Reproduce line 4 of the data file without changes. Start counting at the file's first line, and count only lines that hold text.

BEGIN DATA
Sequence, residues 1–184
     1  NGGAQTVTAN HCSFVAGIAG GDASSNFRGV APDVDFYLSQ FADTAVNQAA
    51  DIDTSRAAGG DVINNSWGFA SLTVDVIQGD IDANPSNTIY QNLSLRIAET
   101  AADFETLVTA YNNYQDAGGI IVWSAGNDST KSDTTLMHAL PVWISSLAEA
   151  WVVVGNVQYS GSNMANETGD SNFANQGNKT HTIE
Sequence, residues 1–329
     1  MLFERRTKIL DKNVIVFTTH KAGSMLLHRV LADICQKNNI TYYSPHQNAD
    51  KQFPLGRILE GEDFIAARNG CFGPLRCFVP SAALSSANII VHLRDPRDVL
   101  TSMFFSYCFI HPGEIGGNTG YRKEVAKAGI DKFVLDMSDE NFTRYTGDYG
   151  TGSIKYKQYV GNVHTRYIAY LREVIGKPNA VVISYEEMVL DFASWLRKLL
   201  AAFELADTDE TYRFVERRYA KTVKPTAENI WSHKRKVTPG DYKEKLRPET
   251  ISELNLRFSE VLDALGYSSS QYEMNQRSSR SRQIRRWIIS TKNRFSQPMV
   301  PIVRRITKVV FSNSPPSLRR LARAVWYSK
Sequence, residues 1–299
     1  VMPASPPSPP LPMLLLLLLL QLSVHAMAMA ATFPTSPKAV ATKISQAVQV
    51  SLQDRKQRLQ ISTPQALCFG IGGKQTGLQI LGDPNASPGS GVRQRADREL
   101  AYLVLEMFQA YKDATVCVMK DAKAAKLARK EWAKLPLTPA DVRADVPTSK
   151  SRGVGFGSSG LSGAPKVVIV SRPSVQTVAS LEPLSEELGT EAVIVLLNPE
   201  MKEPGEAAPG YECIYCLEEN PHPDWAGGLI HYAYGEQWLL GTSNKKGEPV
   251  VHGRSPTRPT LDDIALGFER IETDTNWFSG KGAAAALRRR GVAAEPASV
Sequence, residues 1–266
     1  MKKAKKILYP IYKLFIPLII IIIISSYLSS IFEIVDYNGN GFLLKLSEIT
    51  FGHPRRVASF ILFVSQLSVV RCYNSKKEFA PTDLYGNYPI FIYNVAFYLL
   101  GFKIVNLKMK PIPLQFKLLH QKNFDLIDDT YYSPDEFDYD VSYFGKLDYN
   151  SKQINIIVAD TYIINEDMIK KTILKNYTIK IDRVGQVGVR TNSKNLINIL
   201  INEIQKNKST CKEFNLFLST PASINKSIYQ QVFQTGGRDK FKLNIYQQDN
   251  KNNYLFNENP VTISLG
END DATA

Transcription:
   101  AADFETLVTA YNNYQDAGGI IVWSAGNDST KSDTTLMHAL PVWISSLAEA